Learning and Exploring

Masculinity and Sweetness

I’ve heard lots of people throwing around the term “toxic masculinity.” I don’t think that is helpful, because the discussions seems to often contain, the if some, then all fallacy both in terms of men and masculinity. All masculinity is not toxic. There is this idea that all manly men are awful, that is inherit to their manliness to be a brute. Some of these people are the feminists and the others are the neanderthal men, they have totally opposite viewpoints on this subject, but they espouse the same fallacy.

Manly men can be sweet. Mild men can be awful. Being brash and swaggering doesn’t equal being a manly man, but it does mean you are a lout! Not being brash doesn’t mean you are a good person! Guys can pride themselves on not being the loud sporty ones assuming they have some sort of virtue when they are exhibiting the lack thereof in their spitefulness. Sweetness doesn’t make you less manly, that comes from other traits. Lack of a certain trait doesn’t mean having a positive virtue.

I thought first of this in terms of Lord of the Rings movies, when a male mentioned how manly Gimli was (ugh) in contrast to the rather effeminate elves (we will leave off discussions of the books and accuracy for this discussion and focus on the movies). As if those were the only options, neanderthal or dainty princeling (I’m exaggerating, the actions of the elves weren’t effeminate their looks and styling were). I think this is what the discussion often is, this false dichotomy. In this dichotomy, the men, Aragorn (or my favorite) Eomer are ignored. Masculine in physical appearance, in action yet courteous. Real manly men.

We were talking about my Mom’s extended family (and this applies to my brother also), no one would look at them and think of them as anything other than manly men, yet they are very sweet, much sweeter than the women of the family often (some of us are a domineering group!).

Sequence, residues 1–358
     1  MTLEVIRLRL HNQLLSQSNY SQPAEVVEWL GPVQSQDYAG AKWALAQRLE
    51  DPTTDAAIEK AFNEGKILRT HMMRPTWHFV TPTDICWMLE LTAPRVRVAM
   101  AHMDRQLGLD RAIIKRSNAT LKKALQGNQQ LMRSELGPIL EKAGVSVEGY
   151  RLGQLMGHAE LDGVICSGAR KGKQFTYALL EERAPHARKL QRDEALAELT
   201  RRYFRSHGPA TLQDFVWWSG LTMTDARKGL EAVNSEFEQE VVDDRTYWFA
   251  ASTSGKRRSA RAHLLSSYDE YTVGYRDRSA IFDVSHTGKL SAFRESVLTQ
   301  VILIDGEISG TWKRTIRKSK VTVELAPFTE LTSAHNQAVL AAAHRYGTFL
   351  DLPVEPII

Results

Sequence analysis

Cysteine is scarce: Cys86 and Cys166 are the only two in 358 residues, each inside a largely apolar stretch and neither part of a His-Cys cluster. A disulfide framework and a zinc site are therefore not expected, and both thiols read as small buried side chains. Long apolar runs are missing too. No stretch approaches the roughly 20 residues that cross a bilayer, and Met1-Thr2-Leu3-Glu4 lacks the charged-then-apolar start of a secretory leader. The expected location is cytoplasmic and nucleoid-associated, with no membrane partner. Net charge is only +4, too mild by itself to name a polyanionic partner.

Back to LotR, I came across this on (I’m embarrased to admit) twitter the other day, Are You an An Aragorn Girl or a Legolas Girl. I’m an Eomer woman thank-you very much!




  • Marian

    Well said! I always liked the aesthetic depiction of elves personally. Being half Asian, I’ve known plenty of guys who don’t (and genetically can’t) have the “Gimli physique” but it’s quite a separate thing from their “manliness.” Of course the elves are kind of an exaggerated representation, but I always thought it had a lot to do with their ancient-ness, hearkening back to a time when everyone wore robes and grew their hair out.

    As for the Aragorn vs. Legolas debate, well… Boromir gets my vote. 😆

    • Livia Rose

      Boromir was popular amongst our small circle, Faramir probably more so.

      All the men have long hair whether dwarf, man, elf. Eomer’s hair definitely isn’t feminine. It’s just the overall smoothness/silkiness of everything about the elves that is just too much for me. Orlando Bloom as Will Turner is so many times more attractive than him as Barbified Legolas to me. Dad always called him the Elvish Princess, and although he leans to much to crediting Gimli to be the answer (or maybe that also was to be aggravating), it still was funny.

      I have to say, I’d say only men trying to be “macho” or something would think anything like Gimli in looks to be attractive (but then I look at some of the men some women pick irl, and I wonder). I was thinking more in terms of Gimli’s vulgarity, I think a lot of guys can tend to think that is synonymous with being manly, and it’s not.

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